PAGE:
Thanksgiving weekend is a prime moviegoing time for Americans, many of whom have an extra-long weekend away from work and a lot of spare family time on their hands. And this year, those factors — plus a plethora of good movies on offer — added up to some record numbers.
The Thanksgiving weekend box office covers five days, from the Wednesday before the holiday through the Sunday after it. In 2018, the Friday through Sunday after Thanksgiving brought in so much money that it was the biggest in history, with BoxOfficeMojo.com reporting that the top 12 films netted over $206 million.
The biggest movie of the weekend was Ralph Breaks the Internet, Disney’s follow-up to its popular 2012 film Wreck-It Ralph, with voice acting from an all-star cast led by John C. Reilly and Sarah Silverman. It earned $84.5 million over the five days, the second biggest five-day Thanksgiving gross of all time. Its success was somewhat expected: Ralph brought in strong critical reviews, and it’s the kind of family-friendly animated film with a strong storyline and clever humor that appeals to both children and adults.
Creed II, the latest film in the Rocky franchise and the follow-up to 2015’s Creed, also broke a record; it brought in $55.8 million, the largest holiday opening ever for a live-action film. Directed by newcomer Steven Caple Jr. and written by Sylvester Stallone, the film was executive produced by Black Panther director Ryan Coogler (who directed the 2015 installment) and stars Michael B. Jordan, Stallone, and Tessa Thompson, among others. The movie also garnered an “A” Cinemascore — a great indicator that the film will have strong word of mouth going forward.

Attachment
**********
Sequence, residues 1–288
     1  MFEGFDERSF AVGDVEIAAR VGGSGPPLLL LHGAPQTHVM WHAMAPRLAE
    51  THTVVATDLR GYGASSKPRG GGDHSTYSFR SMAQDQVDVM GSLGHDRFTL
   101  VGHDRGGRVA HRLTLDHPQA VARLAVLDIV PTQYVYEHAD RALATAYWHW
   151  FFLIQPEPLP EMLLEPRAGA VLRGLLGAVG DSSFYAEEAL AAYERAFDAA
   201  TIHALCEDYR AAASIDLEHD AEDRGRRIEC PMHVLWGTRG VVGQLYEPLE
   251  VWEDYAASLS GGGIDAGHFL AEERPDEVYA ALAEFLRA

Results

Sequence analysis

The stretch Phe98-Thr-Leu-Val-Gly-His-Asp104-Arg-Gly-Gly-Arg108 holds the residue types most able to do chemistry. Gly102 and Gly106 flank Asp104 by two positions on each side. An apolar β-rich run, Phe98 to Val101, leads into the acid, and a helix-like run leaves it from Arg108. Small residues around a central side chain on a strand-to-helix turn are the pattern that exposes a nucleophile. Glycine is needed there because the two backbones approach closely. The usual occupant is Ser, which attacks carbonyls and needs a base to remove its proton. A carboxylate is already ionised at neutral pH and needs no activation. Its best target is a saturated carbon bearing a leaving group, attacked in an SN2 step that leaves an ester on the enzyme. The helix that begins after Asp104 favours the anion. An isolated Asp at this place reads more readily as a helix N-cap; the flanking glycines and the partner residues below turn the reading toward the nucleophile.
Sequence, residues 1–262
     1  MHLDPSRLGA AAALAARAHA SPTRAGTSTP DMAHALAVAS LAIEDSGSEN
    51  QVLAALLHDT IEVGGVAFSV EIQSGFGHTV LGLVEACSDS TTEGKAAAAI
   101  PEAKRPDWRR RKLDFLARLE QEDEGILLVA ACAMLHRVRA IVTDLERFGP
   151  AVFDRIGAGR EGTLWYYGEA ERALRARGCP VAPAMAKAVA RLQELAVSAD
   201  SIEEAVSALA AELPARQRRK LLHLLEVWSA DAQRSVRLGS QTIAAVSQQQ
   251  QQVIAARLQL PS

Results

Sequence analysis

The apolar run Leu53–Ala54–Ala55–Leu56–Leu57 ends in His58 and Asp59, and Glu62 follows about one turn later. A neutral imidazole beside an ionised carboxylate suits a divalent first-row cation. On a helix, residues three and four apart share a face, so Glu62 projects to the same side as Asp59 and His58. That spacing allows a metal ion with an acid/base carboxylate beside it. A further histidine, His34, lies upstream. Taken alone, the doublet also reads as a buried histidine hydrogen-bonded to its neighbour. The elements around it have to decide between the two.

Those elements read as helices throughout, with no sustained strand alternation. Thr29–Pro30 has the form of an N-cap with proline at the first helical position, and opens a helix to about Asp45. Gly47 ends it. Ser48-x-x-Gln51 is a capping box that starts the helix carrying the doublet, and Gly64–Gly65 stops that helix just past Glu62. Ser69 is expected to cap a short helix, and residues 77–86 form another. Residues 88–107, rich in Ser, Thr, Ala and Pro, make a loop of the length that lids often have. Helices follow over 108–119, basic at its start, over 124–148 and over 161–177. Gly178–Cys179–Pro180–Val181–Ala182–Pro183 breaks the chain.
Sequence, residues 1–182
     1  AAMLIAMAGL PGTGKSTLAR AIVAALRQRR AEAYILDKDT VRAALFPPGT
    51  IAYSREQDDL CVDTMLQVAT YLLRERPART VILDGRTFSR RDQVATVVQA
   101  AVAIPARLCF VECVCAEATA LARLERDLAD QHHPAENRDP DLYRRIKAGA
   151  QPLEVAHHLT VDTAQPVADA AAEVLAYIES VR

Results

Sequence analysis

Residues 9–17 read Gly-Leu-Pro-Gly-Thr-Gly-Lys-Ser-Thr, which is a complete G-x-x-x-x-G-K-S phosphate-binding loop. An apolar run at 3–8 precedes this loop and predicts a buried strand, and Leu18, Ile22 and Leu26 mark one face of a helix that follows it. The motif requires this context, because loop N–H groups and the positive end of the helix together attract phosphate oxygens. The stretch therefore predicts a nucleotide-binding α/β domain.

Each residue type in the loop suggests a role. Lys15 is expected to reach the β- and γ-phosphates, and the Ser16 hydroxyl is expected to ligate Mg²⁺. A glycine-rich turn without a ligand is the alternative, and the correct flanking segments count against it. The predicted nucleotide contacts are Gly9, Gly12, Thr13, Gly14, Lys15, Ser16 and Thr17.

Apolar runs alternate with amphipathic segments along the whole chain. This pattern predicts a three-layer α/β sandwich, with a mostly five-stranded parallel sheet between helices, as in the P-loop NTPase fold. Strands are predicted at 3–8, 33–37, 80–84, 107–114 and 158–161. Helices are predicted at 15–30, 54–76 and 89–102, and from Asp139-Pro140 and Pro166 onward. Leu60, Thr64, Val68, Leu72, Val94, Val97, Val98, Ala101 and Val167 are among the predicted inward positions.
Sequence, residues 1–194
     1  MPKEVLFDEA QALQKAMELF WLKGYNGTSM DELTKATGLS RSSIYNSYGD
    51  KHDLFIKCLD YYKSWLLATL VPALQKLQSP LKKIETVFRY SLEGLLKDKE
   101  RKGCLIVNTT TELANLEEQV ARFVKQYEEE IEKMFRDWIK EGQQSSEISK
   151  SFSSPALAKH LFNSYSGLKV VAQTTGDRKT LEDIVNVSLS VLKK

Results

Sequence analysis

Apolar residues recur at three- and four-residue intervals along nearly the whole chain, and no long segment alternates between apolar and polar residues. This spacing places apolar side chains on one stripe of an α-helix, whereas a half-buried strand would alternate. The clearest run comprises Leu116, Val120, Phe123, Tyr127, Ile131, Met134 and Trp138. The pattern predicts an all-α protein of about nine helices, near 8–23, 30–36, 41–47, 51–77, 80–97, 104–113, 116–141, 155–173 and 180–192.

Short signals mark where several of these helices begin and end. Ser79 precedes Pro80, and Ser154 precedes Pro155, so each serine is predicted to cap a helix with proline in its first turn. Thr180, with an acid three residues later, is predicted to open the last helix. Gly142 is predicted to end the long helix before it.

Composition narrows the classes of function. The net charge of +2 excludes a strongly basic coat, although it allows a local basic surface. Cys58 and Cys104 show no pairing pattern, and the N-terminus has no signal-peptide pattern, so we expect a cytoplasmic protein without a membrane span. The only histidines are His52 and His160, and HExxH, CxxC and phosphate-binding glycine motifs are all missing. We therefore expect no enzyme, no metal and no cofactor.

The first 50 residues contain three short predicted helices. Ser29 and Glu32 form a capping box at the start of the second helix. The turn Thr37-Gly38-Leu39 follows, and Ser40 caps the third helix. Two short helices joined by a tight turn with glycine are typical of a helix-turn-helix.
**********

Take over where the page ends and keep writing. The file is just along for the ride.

Other big films over the weekend included Fantastic Beasts: The Crimes of Grindelwald, which was in its second weekend, and The Grinch, which continues to perform so well that it’s now in the top 10 films domestically. Bohemian Rhapsody hung onto the #5 spot in the US, while Instant Family, Robin Hood, Green Book, Widows, and A Star Is Born filled out the top 10 releases.
It was a big weekend at art house cinemas, too, where The Favourite, the darkly comedic tale of palace intrigue starring Emma Stone, Rachel Weisz, and Olivia Colman opened in four theaters, two in Los Angeles and two in New York. The film ended up making $420,000, which means its per-theater average was $105,000 — the best in 2018, and one of the top 25 opening averages of all time.
All of these numbers added up to a huge opening weekend, and that’s been a trend this year: October was also a record-breaking month at the movies. And if the trend continues, this year may be Hollywood’s biggest ever: Right now 2018’s gross box office is on track to beat that of 2016, the biggest year on record.
So while theaters still struggle to figure out how to stay afloat, the news at the box office continues to give reason for cautious optimism. There are a variety of factors contributing to box office success, from the relatively high cost of movie tickets to the high number of films that are in theaters, giving people a lot of variety to choose from. And there’s the fact that Americans tend to show up to the movies — still a relatively low-cost form of entertainment — in times of trouble.
But whatever the reason, the next few weeks, which will see the release of nostalgia-heavy family movies like Mary Poppins Returns and prestige dramas like If Beale Street Could Talk, will be decisive in determining whether 2018 will be the biggest year ever at the movies.